Enable the Color legend option to display the description of the colors used in the model.

Figure 102: The ���Colors” area from the “Display settings” dialog box

4.

Click OK.

Press <ALT + 5> for a 3D view.

Figure 103: Each element is represented by a certain color, depending on the material

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Displaying structure elements by cross sections 1.

From the main menu, select Display > Display settings. The “Display settings” dialog box appears.

2.

In the “Display settings” dialog box, from the “Display by” drop-down list select Cross section.

3.

Click OK.

Figure 104: Each element is represented by a certain color, depending on its cross section

Returning to the display by type of elements: 1.

Press <ALT + X> to open the “Display settings” dialog box.

2.

In the “Colors” area, from the “Display by” drop-down list, select Element family. You can display/hide the “Legend” on the work area by selecting/unselecting the Color legend option.

3.

Click OK.

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Lesson 3: Creating windwalls and defining snow and wind supporting elements In this lesson you will create windwalls to distribute loads on the supporting elements.

Figure 105: The windwalls of the structure

You will learn how to: •

Create windwalls.

Define supporting elements.

Define the load distribution towards the supporting elements.

Use the rendering modes for an adequate view according to the process.

Before starting Considering that in this step you will create windwalls that hide elements of the structure, it is recommended to modify the transparency level, so that all the elements of the structure can be viewed. Modify the transparency of the structure: 1.

Press <ALT + X> to access the “Display settings” dialog box.

2.

In the “General options” area click Rendering options.

3.

In the “Rendering" dialog box, “Advanced parameters” area, drag the Transparency slider to the right for more transparency.

Figure 106: “Rendering” dialog box - Setting the transparency of the elements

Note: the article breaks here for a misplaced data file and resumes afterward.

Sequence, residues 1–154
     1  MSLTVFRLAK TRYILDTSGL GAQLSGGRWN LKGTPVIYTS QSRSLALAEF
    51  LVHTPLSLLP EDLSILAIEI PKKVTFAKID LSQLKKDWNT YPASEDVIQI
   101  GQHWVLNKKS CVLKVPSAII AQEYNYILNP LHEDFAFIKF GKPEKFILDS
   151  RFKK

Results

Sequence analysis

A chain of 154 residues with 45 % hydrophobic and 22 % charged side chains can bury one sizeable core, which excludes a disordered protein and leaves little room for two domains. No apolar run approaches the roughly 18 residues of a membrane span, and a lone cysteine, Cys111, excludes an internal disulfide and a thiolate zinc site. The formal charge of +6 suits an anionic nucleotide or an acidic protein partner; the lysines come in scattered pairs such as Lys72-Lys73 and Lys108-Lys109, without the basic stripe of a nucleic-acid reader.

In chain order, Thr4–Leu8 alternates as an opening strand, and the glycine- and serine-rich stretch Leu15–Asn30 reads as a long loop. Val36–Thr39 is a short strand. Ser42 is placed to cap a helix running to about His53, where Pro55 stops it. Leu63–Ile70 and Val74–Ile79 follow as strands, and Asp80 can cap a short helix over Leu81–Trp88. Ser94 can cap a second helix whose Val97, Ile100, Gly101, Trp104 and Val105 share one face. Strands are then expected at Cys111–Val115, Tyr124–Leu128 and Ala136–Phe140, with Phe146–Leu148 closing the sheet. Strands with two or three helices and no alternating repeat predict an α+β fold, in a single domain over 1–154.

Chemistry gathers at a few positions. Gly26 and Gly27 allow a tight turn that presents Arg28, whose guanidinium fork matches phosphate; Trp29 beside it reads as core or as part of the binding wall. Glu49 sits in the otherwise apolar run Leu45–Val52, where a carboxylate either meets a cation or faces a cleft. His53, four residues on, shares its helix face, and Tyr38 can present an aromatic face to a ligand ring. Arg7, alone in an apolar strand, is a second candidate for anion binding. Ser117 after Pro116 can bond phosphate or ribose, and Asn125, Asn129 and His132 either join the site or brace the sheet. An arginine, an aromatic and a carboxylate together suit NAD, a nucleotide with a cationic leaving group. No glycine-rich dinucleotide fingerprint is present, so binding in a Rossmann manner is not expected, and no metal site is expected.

4.

Click OK to close the “Rendering” dialog box.

5.

Click OK in the “Display settings” dialog box.

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Step 1: Create windwalls In this step, create windwalls on the profiles of the structure. 1.

In the Pilot, select the WindWalls system.

2.

On the Modeling toolbar, click

3.

Create a windwall by snapping to the endpoints of the first portal frame of the structure.

to create a windwall element.

Figure 107: Creating the first windwall of the structure

4.

Press <ENTER> to finish.

Using the same process, create windwalls on the other three sides of the structure.

Figure 108: The windwalls on the sides of the structure

Step 2: Automatically generate windwalls In this step, automatically generate windwalls on selected elements. Press <ALT + 5> for a 3D view. 1.

Select two opposite transverse beams of the first level, as shown in Figure 109.

2.

Right click in the work area and select Windwalls / selection from the context menu.

Figure 109: Automatically generating windwalls between two selected elements

3.

Press <Esc> to unselect the beams.

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Using the same process, generate a windwall between the other two beams.

Figure 110: The windwalls of the structure

Step 3: Define supporting elements In this step, define the supporting elements for wind and snow. Certain elements of the structure do not undertake wind and snow loads, therefore the “supporting element” option must be disabled. Before starting, hide the windwalls: in the Pilot, right click the WindWalls system and select Hide. Disable the beams of FirstLevel as supporting elements for snow and wind. 1.

In the Pilot, click the Beams subsystem of GroundFloor and press <SPACE>. All objects of the subsystem are selected in the Pilot and in the work area.

Figure 111: Selecting the elements of the Beams subsystem of GroundFloor

The command line displays the number and type of the selected objects.

Figure 112: “Command line” - the objects from the selected system

2.